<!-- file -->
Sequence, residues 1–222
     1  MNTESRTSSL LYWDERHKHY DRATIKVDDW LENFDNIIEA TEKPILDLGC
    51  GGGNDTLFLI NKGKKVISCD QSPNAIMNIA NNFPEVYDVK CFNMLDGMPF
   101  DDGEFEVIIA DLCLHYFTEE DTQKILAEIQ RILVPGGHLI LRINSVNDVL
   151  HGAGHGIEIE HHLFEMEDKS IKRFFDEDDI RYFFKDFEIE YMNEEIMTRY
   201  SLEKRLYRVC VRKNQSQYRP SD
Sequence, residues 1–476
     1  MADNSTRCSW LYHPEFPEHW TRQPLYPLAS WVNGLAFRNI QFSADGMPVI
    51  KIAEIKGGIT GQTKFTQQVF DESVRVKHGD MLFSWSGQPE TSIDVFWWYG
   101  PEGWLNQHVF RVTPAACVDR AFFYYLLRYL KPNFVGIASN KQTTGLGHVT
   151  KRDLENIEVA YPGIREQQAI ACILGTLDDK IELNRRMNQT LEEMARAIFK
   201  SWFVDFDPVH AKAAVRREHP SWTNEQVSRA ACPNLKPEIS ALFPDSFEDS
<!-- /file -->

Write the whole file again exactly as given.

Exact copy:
Sequence, residues 1–222
     1  MNTESRTSSL LYWDERHKHY DRATIKVDDW LENFDNIIEA TEKPILDLGC
    51  GGGNDTLFLI NKGKKVISCD QSPNAIMNIA NNFPEVYDVK CFNMLDGMPF
   101  DDGEFEVIIA DLCLHYFTEE DTQKILAEIQ RILVPGGHLI LRINSVNDVL
   151  HGAGHGIEIE HHLFEMEDKS IKRFFDEDDI RYFFKDFEIE YMNEEIMTRY
   201  SLEKRLYRVC VRKNQSQYRP SD
Sequence, residues 1–476
     1  MADNSTRCSW LYHPEFPEHW TRQPLYPLAS WVNGLAFRNI QFSADGMPVI
    51  KIAEIKGGIT GQTKFTQQVF DESVRVKHGD MLFSWSGQPE TSIDVFWWYG
   101  PEGWLNQHVF RVTPAACVDR AFFYYLLRYL KPNFVGIASN KQTTGLGHVT
   151  KRDLENIEVA YPGIREQQAI ACILGTLDDK IELNRRMNQT LEEMARAIFK
   201  SWFVDFDPVH AKAAVRREHP SWTNEQVSRA ACPNLKPEIS ALFPDSFEDS